Irving Berlin’s White Christmas, now on national tour. All you have to do is dream of a snowy holiday in Vermont where two Broadway hoofers woo a couple of sisters and try to save a old friend’s Inn. You won’t see Bing Crosby, but then again, why would you want to? No one can replace Bing, so the makers of this seasonal hit don’t even try. What they do try to do is recreate the 1954 classic film on stage complete with its great music like “Let Yourself Go”, “Blue Skies”, “Sisters” and of course the title song. If we are lucky, the inimitable Ruth Williamson (Nip/Tuck, La Cage Aux Folles) will recreate her Broadway role, since she is one of Broadway’s true divas.
“The reason I love this show so much is the choreography and the music. The second show I saw in New York was 42nd Street which was choreographed by Randy Skinner, who is the choreographer for White Christmas, and his style is inspired by Gene Kelly and Fred Astaire and that old world musical theater style. I grew up listening to jazz and the show is set in the fifties, so to be able to live in that world and dance that style again... I have a real passion for that style. It’s very American and rooted in jazz.”
Since the show is set in a Broadway milieu where two friends try to save their commanding general’s inn by putting on a show, the ensemble has lots of opportunities to shine. “The opening number, “Let Yourself Go” is a blast. It’s like being shot out of a cannon. It’s about seven minutes long and it’s a tap number. My favorite number in the show is when Betty sings, “Love, You Didn’t Do Right By Me”. It’s her “eleven o’clock number” and it is set in a Broadway cabaret, so it has that mood about it. She has three dancers who partner her one-by-one, and I am one of those dancers. It’s very emotionally based because she’s just been through sort of a break-up, and I think that Randy’s work and his intuition as a choreographer really shines in this number. “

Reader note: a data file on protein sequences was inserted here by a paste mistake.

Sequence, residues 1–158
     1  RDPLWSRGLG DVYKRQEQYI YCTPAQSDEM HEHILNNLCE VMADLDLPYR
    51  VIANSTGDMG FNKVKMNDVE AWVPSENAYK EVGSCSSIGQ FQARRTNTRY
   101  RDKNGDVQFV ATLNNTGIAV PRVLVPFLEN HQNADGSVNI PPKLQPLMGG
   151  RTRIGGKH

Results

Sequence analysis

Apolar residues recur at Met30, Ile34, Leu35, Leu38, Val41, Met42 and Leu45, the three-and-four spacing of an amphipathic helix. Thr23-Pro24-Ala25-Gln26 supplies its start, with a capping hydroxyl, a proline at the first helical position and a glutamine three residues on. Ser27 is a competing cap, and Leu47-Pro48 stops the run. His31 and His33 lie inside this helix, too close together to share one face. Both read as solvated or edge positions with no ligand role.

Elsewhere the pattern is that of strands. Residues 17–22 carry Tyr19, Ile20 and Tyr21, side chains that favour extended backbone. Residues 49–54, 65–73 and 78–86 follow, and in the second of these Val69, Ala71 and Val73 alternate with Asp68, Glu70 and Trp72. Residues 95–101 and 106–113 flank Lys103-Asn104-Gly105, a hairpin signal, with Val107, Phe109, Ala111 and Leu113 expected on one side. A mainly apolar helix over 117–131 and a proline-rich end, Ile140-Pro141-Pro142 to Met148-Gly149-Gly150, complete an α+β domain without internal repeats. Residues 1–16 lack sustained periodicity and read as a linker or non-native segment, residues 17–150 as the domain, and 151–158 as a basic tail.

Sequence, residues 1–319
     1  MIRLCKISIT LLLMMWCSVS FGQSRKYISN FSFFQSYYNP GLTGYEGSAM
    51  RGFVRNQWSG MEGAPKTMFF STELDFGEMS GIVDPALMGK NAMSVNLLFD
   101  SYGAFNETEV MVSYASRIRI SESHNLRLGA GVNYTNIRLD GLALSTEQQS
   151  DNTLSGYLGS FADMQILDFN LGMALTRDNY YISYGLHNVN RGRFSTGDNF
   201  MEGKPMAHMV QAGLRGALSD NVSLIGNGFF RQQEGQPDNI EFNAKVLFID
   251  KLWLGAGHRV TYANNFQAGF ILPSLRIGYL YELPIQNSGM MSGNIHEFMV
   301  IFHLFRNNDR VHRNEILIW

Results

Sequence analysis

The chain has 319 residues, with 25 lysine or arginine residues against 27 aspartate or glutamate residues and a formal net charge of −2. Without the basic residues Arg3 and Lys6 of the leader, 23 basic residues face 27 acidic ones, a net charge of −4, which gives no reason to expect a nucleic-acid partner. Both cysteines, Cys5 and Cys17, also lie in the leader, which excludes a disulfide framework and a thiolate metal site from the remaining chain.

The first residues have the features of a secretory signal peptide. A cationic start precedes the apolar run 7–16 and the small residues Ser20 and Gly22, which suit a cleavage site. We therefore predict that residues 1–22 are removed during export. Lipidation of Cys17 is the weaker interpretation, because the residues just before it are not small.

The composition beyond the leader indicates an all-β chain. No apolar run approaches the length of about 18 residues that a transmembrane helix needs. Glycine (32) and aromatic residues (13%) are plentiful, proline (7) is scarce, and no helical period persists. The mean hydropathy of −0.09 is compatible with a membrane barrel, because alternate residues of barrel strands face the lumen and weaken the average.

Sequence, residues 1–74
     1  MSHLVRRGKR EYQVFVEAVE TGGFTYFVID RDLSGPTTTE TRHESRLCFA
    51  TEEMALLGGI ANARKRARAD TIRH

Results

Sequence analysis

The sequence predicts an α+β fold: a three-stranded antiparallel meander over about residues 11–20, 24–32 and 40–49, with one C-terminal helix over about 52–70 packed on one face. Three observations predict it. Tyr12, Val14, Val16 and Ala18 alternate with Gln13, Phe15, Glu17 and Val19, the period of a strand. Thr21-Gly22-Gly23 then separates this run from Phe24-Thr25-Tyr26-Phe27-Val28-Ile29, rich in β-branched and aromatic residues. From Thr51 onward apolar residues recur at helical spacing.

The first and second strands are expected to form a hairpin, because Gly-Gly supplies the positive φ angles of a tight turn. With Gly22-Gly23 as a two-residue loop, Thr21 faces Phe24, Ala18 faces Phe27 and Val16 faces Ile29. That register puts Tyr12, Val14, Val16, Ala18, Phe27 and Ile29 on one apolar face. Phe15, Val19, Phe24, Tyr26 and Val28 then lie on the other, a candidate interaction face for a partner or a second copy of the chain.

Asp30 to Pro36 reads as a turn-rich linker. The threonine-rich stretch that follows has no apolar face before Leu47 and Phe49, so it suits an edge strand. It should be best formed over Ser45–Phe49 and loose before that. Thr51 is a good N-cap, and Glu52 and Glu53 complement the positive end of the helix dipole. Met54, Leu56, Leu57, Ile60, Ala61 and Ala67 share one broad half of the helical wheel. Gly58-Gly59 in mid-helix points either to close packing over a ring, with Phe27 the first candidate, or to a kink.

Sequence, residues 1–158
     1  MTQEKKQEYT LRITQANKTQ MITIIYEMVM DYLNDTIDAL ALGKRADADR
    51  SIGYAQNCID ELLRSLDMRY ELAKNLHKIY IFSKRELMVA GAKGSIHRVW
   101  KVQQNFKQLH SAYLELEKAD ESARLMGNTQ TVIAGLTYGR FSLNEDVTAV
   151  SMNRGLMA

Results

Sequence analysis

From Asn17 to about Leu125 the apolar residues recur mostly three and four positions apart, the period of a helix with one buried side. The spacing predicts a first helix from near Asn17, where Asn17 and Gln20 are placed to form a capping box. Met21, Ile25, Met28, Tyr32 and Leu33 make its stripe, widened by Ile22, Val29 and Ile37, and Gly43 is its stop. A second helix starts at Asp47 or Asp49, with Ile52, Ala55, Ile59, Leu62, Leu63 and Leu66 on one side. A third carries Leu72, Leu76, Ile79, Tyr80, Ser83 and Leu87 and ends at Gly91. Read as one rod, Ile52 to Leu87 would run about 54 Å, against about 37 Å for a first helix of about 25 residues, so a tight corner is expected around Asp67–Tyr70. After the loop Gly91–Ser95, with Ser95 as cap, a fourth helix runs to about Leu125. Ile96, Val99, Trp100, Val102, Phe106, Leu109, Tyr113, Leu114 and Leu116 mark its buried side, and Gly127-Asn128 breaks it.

Davidson also works as a house manager for Broadway shows, including the New York Musical Theater Festival, the showcase that launched [title of show], Altar Boyz, Next To Normal, Yank! and The Great American Trailer Park Musical. The show that he expects to see share that kind of success is Kiki Baby. Starring Broadway favorite Jenn Colella as the title character, a four year old who is gifted with an angelic voice, Kiki Baby tells the story of how she is exploited by her mother and needy neighbors in 1931 Germany.
Interview by Neil Cohen, resident film critic of Movie Dearest and Phoenix's Echo Magazine.